Ken Stern, Aligned Capital Partners
Now that the cost of do-it-yourself investing has been pounded almost into the ground, we need to do something about people who have advisers.
A DIY investor can build a simple but effective portfolio of exchange-traded funds with commission costs of $10 down to nothing per transaction, and only a tiny cost of ownership. In a fee-based advisory account, the cost of advice and trades comes in roughly between 1 and 2 per cent. On top of that, you have to add the fees associated with owning particular investments.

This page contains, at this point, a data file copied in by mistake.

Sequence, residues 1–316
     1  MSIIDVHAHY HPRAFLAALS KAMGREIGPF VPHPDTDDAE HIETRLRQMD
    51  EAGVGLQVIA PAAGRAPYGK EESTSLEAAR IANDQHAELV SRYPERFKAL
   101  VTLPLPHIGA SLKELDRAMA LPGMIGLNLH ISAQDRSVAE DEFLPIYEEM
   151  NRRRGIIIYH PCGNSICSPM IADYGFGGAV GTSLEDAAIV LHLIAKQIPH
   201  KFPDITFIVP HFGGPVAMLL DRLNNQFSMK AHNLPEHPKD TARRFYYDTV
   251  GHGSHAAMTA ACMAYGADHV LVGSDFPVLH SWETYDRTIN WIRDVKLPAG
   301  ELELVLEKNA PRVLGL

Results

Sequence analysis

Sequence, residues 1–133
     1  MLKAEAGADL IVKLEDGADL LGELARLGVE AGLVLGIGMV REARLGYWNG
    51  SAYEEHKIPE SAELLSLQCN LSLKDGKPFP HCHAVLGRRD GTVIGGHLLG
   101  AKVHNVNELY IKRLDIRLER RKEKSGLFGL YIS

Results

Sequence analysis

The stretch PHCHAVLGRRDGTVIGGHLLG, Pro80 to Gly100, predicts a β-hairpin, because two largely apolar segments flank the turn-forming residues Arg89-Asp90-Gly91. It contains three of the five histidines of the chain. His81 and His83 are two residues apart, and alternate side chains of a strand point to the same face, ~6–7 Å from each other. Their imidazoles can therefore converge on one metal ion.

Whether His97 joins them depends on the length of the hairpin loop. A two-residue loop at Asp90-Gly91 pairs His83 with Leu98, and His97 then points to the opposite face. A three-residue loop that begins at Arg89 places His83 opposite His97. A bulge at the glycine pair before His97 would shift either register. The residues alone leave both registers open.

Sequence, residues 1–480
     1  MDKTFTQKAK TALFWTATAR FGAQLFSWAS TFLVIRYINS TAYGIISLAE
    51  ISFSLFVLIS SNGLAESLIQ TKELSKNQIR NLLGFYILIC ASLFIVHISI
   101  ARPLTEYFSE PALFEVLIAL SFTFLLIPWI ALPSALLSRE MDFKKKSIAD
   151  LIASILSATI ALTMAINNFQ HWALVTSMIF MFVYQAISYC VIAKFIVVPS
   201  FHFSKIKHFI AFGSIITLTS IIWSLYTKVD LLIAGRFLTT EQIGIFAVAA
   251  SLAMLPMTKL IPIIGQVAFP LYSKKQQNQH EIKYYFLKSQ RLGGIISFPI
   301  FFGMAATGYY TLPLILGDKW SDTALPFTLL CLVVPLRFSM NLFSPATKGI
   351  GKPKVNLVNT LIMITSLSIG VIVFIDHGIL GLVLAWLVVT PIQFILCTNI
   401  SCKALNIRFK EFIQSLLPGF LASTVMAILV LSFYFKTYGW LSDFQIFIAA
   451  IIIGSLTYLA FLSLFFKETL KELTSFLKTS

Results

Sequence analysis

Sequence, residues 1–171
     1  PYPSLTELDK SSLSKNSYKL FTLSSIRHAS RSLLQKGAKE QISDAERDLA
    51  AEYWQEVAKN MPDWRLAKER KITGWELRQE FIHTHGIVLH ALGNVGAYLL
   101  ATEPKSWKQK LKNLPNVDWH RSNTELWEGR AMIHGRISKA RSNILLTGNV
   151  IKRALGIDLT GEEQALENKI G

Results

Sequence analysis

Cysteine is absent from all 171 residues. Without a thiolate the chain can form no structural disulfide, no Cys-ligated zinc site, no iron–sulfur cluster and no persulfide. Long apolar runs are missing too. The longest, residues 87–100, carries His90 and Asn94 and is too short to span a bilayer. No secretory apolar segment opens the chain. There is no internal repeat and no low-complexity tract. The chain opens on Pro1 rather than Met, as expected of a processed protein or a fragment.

A basic rule of investing is that lower costs feed higher returns. If you’re the sort of investor who is best served by having an adviser, the most practical way to follow this rule is to squeeze the costs of the products you own as low as possible. Advisory fees vary, but insisting on the cheapest makes no sense. Value in terms of services provided is important, too.